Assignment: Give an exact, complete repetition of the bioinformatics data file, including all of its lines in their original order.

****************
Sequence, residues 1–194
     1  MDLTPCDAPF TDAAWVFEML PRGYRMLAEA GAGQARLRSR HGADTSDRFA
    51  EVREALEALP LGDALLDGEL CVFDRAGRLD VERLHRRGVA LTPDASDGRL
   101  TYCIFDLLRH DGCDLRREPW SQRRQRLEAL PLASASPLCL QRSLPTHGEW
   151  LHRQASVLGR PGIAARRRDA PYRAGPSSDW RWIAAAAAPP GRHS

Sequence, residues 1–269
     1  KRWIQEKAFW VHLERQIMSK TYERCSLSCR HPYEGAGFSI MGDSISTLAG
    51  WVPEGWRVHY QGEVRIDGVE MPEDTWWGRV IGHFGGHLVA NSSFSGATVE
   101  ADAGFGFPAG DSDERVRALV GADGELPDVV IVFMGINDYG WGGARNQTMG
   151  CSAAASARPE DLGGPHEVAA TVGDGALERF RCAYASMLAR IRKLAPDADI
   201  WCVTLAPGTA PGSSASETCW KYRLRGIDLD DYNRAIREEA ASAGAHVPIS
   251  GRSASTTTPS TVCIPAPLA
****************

Sequence, residues 1–194
     1  MDLTPCDAPF TDAAWVFEML PRGYRMLAEA GAGQARLRSR HGADTSDRFA
    51  EVREALEALP LGDALLDGEL CVFDRAGRLD VERLHRRGVA LTPDASDGRL
   101  TYCIFDLLRH DGCDLRREPW SQRRQRLEAL PLASASPLCL QRSLPTHGEW
   151  LHRQASVLGR PGIAARRRDA PYRAGPSSDW RWIAAAAAPP GRHS

Sequence, residues 1–269
     1  KRWIQEKAFW VHLERQIMSK TYERCSLSCR HPYEGAGFSI MGDSISTLAG
    51  WVPEGWRVHY QGEVRIDGVE MPEDTWWGRV IGHFGGHLVA NSSFSGATVE
   101  ADAGFGFPAG DSDERVRALV GADGELPDVV IVFMGINDYG WGGARNQTMG
   151  CSAAASARPE DLGGPHEVAA TVGDGALERF RCAYASMLAR IRKLAPDADI
   201  WCVTLAPGTA PGSSASETCW KYRLRGIDLD DYNRAIREEA ASAGAHVPIS
   251  GRSASTTTPS TVCIPAPLA